Prices of M10 and G12 modules are predicted to come in at 1.63-1.68 RMB/W or 0.223-0.23 USD/W in the first quarter of 2021, depending on the size and delivery deadline of each project. 

There are currently fewer makers of G12 modules. Many 182mm module producers have also expanded their cell capacity, while a great number of 210mm module makers are still buying cells from Tier 1 cell makers, causing an increase in the module production cost. There is, therefore, a slight price gap between M10 and G12 modules. 

Maturity of 182mm Modules 

Availability 

The global market demand for next year will be between 140 and 160GW. The expected capacity of the top three major suppliers is 90.2GW in 182mm cells and 108GW in 182mm modules. This is going to drive all the other manufacturers. That, in turn, will play a great role in the availability and prices of the modules.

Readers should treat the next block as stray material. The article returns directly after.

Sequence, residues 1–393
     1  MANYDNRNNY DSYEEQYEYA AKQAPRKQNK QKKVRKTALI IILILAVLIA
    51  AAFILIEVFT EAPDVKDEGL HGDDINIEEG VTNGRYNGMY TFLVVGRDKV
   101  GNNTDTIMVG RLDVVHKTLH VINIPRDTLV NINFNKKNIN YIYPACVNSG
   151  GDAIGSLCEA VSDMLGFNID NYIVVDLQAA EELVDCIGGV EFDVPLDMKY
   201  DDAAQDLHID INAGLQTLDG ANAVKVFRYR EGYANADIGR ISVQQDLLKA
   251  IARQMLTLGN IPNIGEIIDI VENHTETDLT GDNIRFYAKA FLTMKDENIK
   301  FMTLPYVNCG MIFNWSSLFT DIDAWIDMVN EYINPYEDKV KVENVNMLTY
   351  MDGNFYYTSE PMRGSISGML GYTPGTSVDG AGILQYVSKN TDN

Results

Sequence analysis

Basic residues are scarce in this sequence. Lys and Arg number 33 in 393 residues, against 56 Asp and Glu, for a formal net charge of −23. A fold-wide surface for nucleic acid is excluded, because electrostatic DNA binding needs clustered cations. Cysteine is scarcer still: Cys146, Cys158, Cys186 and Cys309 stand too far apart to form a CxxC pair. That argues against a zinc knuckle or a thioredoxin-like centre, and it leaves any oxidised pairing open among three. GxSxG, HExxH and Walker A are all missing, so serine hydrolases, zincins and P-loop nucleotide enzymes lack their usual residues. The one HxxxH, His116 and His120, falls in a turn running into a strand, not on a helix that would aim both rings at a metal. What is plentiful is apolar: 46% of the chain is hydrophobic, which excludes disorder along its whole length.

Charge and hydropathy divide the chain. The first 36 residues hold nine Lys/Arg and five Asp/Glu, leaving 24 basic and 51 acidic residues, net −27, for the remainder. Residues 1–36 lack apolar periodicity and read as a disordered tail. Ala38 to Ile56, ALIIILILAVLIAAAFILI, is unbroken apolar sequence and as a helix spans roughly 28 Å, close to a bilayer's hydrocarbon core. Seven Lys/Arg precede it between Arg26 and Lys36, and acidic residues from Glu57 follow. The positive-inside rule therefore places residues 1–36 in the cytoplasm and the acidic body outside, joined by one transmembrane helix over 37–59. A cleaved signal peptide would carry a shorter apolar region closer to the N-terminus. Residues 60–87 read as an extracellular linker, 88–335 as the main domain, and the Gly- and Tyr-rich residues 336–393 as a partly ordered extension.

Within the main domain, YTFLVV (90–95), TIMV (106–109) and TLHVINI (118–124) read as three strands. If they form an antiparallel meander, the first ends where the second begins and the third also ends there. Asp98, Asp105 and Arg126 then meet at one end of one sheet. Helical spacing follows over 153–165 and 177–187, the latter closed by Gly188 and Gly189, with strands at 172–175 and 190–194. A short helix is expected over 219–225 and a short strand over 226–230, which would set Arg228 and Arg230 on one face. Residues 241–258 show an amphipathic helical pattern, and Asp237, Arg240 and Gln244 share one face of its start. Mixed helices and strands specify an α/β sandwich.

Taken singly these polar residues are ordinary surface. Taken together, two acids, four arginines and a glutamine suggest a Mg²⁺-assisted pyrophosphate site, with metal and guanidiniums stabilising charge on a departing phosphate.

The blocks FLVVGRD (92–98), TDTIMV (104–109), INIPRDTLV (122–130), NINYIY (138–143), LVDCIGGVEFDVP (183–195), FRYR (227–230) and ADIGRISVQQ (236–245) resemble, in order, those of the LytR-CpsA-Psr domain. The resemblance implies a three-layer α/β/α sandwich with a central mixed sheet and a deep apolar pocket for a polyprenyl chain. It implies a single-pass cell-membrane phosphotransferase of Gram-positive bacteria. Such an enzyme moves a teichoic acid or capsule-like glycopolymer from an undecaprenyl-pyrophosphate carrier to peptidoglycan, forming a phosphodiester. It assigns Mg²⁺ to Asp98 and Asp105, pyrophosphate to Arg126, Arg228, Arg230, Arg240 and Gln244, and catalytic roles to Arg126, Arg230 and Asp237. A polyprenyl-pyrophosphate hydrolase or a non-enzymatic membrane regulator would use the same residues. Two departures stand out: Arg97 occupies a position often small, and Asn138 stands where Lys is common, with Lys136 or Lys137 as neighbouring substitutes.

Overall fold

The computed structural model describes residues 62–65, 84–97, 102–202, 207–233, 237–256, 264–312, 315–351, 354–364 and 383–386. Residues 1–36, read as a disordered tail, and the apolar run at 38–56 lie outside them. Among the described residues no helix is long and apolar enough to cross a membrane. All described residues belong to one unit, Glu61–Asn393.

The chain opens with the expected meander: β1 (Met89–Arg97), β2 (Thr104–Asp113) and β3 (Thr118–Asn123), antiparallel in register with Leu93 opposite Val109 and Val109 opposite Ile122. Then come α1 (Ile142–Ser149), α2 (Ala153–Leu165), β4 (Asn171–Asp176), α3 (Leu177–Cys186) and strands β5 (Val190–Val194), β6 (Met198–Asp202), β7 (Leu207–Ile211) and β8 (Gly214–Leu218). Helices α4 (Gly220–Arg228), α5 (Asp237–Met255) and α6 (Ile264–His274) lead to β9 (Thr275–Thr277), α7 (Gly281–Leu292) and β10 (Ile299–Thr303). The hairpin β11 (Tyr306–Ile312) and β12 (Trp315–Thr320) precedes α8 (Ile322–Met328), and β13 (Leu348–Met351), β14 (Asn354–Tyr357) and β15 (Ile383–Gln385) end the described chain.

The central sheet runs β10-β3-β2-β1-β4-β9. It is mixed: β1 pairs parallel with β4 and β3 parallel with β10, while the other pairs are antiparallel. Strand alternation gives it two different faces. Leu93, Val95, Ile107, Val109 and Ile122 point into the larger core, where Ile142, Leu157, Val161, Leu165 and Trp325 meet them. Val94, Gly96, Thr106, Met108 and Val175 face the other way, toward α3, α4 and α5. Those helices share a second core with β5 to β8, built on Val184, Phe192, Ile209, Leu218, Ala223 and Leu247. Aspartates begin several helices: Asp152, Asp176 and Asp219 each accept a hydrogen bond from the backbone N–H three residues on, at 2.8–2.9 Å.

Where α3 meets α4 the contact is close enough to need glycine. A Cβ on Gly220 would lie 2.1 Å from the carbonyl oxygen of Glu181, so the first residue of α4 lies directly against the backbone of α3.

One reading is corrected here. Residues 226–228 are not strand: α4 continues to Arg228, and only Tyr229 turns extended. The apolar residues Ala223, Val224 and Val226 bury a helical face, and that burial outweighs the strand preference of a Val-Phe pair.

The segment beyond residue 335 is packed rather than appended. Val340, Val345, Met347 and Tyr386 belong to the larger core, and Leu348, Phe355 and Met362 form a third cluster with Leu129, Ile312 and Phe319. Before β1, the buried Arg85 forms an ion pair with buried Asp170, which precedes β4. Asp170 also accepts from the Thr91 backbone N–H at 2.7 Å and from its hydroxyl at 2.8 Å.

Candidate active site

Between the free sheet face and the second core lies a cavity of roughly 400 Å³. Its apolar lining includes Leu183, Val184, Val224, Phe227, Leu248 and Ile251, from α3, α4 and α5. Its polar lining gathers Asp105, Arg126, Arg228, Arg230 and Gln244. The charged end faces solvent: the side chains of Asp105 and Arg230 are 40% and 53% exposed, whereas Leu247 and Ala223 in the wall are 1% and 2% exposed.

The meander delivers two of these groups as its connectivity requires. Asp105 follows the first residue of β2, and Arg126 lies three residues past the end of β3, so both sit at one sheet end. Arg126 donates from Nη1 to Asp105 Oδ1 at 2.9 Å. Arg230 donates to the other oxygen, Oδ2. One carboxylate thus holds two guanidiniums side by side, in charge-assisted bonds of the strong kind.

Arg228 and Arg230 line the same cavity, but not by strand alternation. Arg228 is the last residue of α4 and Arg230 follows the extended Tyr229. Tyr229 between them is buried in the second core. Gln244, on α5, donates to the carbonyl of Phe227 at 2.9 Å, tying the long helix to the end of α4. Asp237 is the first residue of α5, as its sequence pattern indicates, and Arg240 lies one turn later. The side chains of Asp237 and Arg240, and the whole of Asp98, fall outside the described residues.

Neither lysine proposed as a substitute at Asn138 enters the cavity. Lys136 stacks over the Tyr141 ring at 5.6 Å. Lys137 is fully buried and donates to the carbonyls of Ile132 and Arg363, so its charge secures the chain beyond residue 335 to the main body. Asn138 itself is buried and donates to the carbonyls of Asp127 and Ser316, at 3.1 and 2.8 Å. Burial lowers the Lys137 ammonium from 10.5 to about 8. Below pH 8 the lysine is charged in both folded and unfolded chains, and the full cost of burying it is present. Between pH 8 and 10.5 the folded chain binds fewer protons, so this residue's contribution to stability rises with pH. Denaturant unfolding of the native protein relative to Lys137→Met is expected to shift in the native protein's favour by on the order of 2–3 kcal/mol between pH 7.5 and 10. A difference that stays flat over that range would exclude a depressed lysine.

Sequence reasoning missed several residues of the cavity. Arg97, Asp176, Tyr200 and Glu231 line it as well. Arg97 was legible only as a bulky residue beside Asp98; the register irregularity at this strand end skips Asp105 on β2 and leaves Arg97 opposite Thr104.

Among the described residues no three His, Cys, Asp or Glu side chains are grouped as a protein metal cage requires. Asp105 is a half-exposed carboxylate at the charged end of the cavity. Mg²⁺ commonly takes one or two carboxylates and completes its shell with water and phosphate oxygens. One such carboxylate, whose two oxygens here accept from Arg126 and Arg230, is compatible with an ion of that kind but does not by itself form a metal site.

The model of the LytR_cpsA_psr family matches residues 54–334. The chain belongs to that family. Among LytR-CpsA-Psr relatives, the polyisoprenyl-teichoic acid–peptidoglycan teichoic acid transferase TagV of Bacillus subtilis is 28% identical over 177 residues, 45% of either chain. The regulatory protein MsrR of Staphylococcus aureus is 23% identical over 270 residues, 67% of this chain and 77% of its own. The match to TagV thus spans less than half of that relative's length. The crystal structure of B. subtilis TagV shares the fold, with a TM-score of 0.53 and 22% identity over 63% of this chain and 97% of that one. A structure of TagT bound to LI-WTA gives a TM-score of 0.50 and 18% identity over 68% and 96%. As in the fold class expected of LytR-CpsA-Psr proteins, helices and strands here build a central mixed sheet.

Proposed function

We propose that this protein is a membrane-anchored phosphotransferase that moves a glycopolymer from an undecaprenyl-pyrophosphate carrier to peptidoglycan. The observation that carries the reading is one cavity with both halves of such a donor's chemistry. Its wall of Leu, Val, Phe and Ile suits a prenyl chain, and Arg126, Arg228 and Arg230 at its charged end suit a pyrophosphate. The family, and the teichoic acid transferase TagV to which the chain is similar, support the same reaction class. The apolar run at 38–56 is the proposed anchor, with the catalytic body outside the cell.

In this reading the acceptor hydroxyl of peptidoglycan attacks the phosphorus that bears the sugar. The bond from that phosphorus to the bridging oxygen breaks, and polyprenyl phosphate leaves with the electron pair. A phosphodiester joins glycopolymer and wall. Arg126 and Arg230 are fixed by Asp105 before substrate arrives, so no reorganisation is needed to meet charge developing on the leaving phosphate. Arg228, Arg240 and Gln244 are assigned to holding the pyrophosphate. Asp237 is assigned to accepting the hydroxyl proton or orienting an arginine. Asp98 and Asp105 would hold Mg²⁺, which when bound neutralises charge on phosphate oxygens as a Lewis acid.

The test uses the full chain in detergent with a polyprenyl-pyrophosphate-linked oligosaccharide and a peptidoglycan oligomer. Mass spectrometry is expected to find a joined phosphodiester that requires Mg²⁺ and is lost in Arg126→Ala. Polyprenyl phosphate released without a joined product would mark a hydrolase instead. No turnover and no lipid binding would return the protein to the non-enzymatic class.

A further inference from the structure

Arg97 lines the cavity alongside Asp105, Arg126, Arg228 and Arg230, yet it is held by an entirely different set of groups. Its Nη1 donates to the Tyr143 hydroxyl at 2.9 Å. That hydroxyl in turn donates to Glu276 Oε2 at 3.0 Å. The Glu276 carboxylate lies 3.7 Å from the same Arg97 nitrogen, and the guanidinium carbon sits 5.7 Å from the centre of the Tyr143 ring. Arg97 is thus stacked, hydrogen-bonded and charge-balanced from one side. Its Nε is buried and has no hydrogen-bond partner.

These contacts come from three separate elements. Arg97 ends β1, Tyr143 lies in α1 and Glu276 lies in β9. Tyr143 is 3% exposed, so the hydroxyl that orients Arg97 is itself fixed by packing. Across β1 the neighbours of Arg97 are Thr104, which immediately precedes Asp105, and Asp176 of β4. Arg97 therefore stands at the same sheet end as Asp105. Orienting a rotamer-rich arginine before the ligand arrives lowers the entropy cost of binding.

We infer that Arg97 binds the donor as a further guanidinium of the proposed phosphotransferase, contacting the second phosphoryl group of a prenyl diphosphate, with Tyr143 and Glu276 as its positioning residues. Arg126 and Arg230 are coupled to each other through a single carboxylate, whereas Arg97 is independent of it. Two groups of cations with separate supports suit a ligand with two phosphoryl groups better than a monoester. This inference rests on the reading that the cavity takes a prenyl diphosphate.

Reliability 

The safety margin of the junction box is 25% for the 182mm bifacial module and less than 0.2% for the 210mm bifacial module. As a result, the 210mm module manufacturers may opt for a higher fuse, which will result in additional costs and availability issues. 

Module type Isc Bifacial factor Diode factor Theoretical diode current requirement Diode rating Safety margin 
182 bifacial 13.8 1.3 1.25 22.4 30 25% 
210 bifacial 18.43 1.3 1.25 29.94 30 0.18% 
182mm bifacial module / 210mm bifacial module

Due to higher current, there will also be additional losses in the cable and issues with hotspots. The industry needs time to adjust to the big leap in the electrical current in G12.